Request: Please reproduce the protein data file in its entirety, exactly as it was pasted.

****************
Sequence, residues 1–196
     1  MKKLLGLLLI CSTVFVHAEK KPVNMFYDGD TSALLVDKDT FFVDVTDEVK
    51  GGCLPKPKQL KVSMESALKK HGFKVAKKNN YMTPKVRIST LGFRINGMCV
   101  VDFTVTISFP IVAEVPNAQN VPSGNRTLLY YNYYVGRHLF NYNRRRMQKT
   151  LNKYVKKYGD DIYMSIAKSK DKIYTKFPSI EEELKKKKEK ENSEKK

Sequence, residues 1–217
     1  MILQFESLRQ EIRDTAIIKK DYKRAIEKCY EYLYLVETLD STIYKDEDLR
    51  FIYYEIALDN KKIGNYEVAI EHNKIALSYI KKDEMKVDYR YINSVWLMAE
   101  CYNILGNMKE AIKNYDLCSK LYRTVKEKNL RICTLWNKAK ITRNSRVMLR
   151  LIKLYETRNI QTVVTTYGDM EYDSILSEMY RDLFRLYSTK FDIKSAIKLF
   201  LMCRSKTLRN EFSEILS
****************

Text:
Sequence, residues 1–196
     1  MKKLLGLLLI CSTVFVHAEK KPVNMFYDGD TSALLVDKDT FFVDVTDEVK
    51  GGCLPKPKQL KVSMESALKK HGFKVAKKNN YMTPKVRIST LGFRINGMCV
   101  VDFTVTISFP IVAEVPNAQN VPSGNRTLLY YNYYVGRHLF NYNRRRMQKT
   151  LNKYVKKYGD DIYMSIAKSK DKIYTKFPSI EEELKKKKEK ENSEKK

Sequence, residues 1–217
     1  MILQFESLRQ EIRDTAIIKK DYKRAIEKCY EYLYLVETLD STIYKDEDLR
    51  FIYYEIALDN KKIGNYEVAI EHNKIALSYI KKDEMKVDYR YINSVWLMAE
   101  CYNILGNMKE AIKNYDLCSK LYRTVKEKNL RICTLWNKAK ITRNSRVMLR
   151  LIKLYETRNI QTVVTTYGDM EYDSILSEMY RDLFRLYSTK FDIKSAIKLF
   201  LMCRSKTLRN EFSEILS